Free Daily Headlines

News

Set your text size: A A A

In split votes, council OKs senior housing, upscale apartments

A rendering shows the proposed Southgate Apartments, which would go up between South Church and Israel streets. [SITEWORK STUDIOS/ROWHOUSE ARCHITECTS] A rendering shows the proposed Southgate Apartments, which would go up between South Church and Israel streets. [SITEWORK STUDIOS/ROWHOUSE ARCHITECTS]

Proposals for 43 units of affordable senior housing on Sixth Avenue West and an upscale, gated apartment building behind the Fresh Market won approval from the Hendersonville City Council last week in a pair of 3-2 votes.

The council vote on the senior housing request across from Pardee UNC Health and the YMCA came after a long public hearing and presentation by the developer, Ohio-based Woda Cooper. The developer made numerous concessions in response to concerns raised by the Planning Board and neighboring homeowners. The Hawkins Pointe project would be three stories, which was reduced from four stories, itself a revision from the original request for a five-story building.

Nieghbors argued that the project would put too much traffic on narrow neighborhood streets, especially Florida Avenue directly behind the building, and said the plan for 47 parking spaces would be too few.

Clay Cooper, a vice president of Woda Cooper, said that a large office building permitted by right under the current zoning would add much more traffic and would be more imposing than the apartments.

Mayor Barbara Volk, Lyndsey Simpson and Jennifer Hensley voted in favor of the rezoning. Voting no were council members Jerry Smith and Debbie Roundtree.

Hawkins Pointe is one of three affordable housing developments seeking authority from the N.C. Housing Finance Agency to use tax credit financing to attract investors. Others are the proposed Apple Ridge work force housing development of apartments and single-family homes on Sugarloaf Road and White Pine Villas on Chimney Rock Road. It's expected that only one project in the county will win state approval of tax credit financing. The City Council previously approved rezoning for Apple Ridge. Later Thursday night, the council also authorized rezoning for White Pine Villas.

Also following a lengthy public hearing, the council granted a rezoning request from Southgate Shopping Center owner David W. Royster III to allow a 70-unit apartment building along Wash Creek between the Fresh Market and Israel Street. Although the developer is seeking to fill part of the floodplain, its engineer said that runoff would be contained on the property and would not result in worse downstream flooding.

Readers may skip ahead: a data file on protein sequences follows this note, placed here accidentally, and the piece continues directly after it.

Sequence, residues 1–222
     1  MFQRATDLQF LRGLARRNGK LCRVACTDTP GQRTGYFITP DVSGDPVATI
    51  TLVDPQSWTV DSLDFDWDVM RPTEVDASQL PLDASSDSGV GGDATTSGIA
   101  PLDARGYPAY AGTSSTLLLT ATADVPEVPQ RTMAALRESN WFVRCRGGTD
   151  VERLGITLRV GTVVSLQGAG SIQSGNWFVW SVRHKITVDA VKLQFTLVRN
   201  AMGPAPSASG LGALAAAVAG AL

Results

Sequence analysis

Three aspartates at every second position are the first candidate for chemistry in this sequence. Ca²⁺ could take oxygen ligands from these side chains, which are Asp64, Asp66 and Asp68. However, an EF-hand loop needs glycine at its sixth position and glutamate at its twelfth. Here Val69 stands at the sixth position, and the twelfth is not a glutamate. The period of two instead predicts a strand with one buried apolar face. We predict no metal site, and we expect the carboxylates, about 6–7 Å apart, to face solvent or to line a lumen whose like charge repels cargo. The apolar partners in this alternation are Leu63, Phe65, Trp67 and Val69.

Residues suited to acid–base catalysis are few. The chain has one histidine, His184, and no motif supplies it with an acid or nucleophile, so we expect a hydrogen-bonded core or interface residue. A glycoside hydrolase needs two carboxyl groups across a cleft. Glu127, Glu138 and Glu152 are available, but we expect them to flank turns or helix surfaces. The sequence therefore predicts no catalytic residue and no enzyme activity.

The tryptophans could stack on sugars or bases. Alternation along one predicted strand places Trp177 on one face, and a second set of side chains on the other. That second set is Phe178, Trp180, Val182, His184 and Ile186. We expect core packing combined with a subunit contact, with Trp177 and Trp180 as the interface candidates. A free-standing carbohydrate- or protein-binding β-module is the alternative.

Both the planning staff and council member Smith objected to the fact that the community would be gated. The developer declined to agree to forgo the gate, citing as factors the privacy and security of tenants and concerns about inviting cut-through traffic.

Royster and the development team, represented by attorney Craig Justus, also declined Smith's request to dedicate 10 parking spots on the property for use by Ecusta Trail visitors. The developer did agree to constructing a path linking the Southgate Shopping Center and the trail.

In his review of the rezoning request, the city's stormwater administrator noted that the development was likely to overburden an undersized culvert where Wash Creek and Mud Creek come together.

"That culvert is by far the smallest diameter culvert on the whole reach of Mud Creek from Laurel Park to the confluence," the report said. "Every other crossing is either a bridge, double or triple box culvert w/ 6’x4’ boxes, and the culvert at Fresh Market is a single 72” round pipe, 30 percent of which is filled w/ sediment. The current stream crossing on Wash Creek at the eastern entrance to the development is not designed to convey the 25-year storm event without overtopping."

"Based on past storm events this entrance is likely to be inundated at least twice a year, limiting the development to the single entrance onto Israel Street. ... While this development is not responsible for causing flooding in this area, it will contribute to the peak flow in Wash Creek upstream of the culvert, further increasing the possibility of the eastern entrance becoming inaccessible during severe rain events."

The applicant agreed to clean out the Wash Creek culvert, which is not its property, but not to replace it with a larger one. The city planning report also said the development addresses a much needed shortage of housing in the city and would be built at a priority in-fill development location near retail, offices and recreational amenities.